It’s “Laudato si’ Week
”, an anniversary movement to celebrate and implement the landmark encyclical of Pope Francis on care for our common home. As the website
indicates, this week is about reflection and action; it’s about bringing the rich teachings of the document to life in our communities. Last week I heard a wonderful story that I wanted to share with our S+L readership. I was teaching in the Summer Institute
at Catholic Theological Union
in Chicago; the course was on media and communications in the era of Pope Francis. One of our class periods was dedicated entirely to Laudato si'
and how the Pope sees the ecological crisis as an opportunity to open lines of communication between countries and cultures. During our discussion, one of the students, Maryellen Knuth shared this amazing story of Laudato si'
Let me preface this story by telling you that at the time I did not recognize this as a call. I answered something that I felt deeply in my core, but I am not sure I could have expressed it in words at the time.
In 1999 I was disturbed by a soil testing truck that I saw out my kitchen window on the 88 acre wetland that backs up to our property. I made some phone calls and found out that a housing developer was planning to build half million-dollar homes on that wetland. Daily for almost three months I called neighbors, environmentalists, fish and wildlife preserves, conservation organizations and specialists, village trustees, forest preserve commissioners, and anybody I could find to help try to prevent the destruction of this beautiful piece of property, which was also a home to abundant wildlife.
What began as a disturbance in me quickly became a vision for the people living around the wetland, and they came together to save it. We gathered in homes to strategize about how to fight the developer and the village, and to solicit the help of the forest preserve by bringing this piece of property to their attention as a piece of land they might be interested in purchasing. We lived and sweated for that wetland as we educated ourselves about issue, made phone calls, obtained aerial photos of the area, circulated petitions to all four borders of the wetland, and attended each monthly village meeting for a year and a half.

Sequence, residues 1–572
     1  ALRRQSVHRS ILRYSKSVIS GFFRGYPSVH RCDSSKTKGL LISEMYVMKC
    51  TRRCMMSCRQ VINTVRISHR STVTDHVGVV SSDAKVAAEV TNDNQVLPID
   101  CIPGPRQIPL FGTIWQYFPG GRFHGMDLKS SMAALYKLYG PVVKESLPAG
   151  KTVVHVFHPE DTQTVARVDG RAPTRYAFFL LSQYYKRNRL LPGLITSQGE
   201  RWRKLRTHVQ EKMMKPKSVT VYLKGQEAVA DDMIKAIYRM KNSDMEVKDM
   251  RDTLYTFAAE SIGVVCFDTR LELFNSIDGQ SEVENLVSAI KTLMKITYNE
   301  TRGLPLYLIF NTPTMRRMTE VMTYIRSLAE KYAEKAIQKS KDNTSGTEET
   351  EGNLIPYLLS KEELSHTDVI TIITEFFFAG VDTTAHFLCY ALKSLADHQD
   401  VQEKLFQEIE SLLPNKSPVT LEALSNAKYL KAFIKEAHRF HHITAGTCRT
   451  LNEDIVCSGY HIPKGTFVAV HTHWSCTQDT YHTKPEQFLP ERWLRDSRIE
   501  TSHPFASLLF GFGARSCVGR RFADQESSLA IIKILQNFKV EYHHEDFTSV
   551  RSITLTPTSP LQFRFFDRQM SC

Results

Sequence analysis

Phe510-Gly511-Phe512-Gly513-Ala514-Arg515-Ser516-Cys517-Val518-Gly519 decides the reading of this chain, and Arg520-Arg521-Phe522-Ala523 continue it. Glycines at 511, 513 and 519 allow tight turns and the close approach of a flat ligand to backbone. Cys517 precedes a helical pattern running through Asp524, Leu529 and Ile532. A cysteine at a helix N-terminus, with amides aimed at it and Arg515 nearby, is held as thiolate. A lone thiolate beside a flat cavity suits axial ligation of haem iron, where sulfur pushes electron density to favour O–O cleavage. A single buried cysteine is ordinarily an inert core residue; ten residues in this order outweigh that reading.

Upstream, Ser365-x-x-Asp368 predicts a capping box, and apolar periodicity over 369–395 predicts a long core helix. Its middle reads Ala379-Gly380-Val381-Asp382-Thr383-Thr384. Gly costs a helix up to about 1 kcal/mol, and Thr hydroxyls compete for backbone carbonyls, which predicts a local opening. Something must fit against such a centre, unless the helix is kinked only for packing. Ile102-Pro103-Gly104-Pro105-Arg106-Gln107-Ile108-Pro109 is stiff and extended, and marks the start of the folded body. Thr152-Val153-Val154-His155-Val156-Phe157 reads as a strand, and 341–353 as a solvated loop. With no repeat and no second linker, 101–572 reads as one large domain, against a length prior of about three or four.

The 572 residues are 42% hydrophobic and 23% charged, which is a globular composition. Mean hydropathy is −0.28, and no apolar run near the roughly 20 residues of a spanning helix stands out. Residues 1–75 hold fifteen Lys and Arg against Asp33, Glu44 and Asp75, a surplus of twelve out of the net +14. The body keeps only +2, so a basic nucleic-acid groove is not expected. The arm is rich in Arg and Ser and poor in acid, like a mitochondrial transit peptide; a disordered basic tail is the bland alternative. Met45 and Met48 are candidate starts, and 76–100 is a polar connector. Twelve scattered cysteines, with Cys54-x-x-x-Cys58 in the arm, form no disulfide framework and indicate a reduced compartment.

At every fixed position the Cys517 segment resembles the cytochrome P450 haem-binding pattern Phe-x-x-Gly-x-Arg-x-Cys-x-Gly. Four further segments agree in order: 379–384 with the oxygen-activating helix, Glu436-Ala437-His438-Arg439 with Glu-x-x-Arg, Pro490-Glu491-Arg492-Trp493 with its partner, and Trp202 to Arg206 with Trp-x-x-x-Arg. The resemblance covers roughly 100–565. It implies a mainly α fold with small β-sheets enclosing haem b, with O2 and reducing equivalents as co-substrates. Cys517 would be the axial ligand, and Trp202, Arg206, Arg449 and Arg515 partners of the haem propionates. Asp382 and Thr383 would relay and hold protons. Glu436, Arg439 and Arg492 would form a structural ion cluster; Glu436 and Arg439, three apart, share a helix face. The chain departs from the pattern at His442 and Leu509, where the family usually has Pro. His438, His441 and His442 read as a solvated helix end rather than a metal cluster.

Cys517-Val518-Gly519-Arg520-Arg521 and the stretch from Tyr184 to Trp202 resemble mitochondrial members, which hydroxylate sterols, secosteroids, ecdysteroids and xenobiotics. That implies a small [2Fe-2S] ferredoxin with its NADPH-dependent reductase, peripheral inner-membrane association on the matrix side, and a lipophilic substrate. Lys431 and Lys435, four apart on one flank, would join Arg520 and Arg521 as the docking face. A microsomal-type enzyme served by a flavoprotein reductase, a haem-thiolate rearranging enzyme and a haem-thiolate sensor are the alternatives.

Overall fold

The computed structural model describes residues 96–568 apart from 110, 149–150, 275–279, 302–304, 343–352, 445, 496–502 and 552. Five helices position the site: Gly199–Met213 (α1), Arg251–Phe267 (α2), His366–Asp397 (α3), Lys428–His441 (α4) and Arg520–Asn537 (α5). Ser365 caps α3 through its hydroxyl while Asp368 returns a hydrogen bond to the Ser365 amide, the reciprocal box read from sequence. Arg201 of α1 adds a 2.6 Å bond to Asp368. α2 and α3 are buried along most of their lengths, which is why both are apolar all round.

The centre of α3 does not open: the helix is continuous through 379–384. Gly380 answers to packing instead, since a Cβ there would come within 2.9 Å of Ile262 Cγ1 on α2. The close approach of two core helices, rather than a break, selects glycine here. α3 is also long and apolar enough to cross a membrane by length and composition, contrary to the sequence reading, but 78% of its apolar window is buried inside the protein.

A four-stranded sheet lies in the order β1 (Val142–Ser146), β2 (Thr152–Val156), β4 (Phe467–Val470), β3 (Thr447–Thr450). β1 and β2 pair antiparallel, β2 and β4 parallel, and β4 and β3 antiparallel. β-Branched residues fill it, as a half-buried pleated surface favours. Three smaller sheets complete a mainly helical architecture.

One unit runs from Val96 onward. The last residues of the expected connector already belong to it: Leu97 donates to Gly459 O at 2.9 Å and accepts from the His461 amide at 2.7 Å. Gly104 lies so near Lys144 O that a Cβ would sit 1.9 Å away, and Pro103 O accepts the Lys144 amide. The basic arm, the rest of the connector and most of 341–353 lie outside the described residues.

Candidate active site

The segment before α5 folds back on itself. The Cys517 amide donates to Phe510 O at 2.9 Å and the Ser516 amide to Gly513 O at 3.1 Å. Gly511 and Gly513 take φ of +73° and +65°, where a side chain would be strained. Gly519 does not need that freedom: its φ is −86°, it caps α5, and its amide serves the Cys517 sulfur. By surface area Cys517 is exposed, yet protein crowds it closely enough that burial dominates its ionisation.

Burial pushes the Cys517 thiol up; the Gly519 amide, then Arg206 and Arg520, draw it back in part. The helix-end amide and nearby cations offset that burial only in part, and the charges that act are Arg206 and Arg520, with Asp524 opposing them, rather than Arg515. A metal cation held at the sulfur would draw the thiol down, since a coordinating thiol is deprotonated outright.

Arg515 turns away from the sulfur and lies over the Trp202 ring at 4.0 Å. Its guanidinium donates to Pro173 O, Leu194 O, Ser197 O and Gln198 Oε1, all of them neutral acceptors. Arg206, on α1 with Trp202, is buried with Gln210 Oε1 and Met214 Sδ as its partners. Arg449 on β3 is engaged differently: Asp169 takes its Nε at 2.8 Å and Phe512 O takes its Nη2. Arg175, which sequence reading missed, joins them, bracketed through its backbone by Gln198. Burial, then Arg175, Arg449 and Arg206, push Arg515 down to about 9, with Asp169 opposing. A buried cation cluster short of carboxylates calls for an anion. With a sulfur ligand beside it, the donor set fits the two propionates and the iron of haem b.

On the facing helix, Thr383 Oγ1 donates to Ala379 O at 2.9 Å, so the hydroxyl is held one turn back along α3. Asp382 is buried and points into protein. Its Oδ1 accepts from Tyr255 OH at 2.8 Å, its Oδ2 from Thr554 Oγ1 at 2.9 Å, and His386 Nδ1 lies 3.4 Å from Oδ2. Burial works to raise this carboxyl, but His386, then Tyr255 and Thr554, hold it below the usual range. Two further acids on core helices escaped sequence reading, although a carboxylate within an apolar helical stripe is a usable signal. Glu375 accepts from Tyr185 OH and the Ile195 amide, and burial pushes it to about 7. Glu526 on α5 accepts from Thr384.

The battle went into litigation, first circuit court (we lost and filed an appeal) and then appellate court. I am proud to say that in February of 2004 (5 years later) we got word that the forest preserve was settling with the seller a fair price for the land. The wetland had been saved!
Simply stated, I answered a call to be an advocate for the environment. I didn't really stop to think about it, I just acted on it, the call. I think it was always part of me, no discernment was necessary, action started immediately. I never said, "what if...", "I don't have time", or "what will this entail?" Answering the call quickly became a vision that was carried on many shoulders, embodied in the strong hearts of the people who fought for it. People who didn't know each other before came together in a remarkable way to realize that common vision.
My story can be summed up in a wonderful quote I had hanging on my back door along with my kids’ schoolwork. I came across this quote in the midst of our battle for the wetland. But it took on new meaning as we became the quote!
"Never doubt that a small group of thoughtful committed citizens can change the world; indeed, it's the only thing that ever does."
Maryellen Knuth is the Director of the Emmaus Formation for Ministry Program for lay students studying advanced degrees at Catholic Theological Union in Hyde Park, IL. In 2005, she graduated with a MAPS degree from CTU. She has been married for forty years, and has five children and four grandchildren. She lives on the edge of a preserved wetland in Bartlett, IL.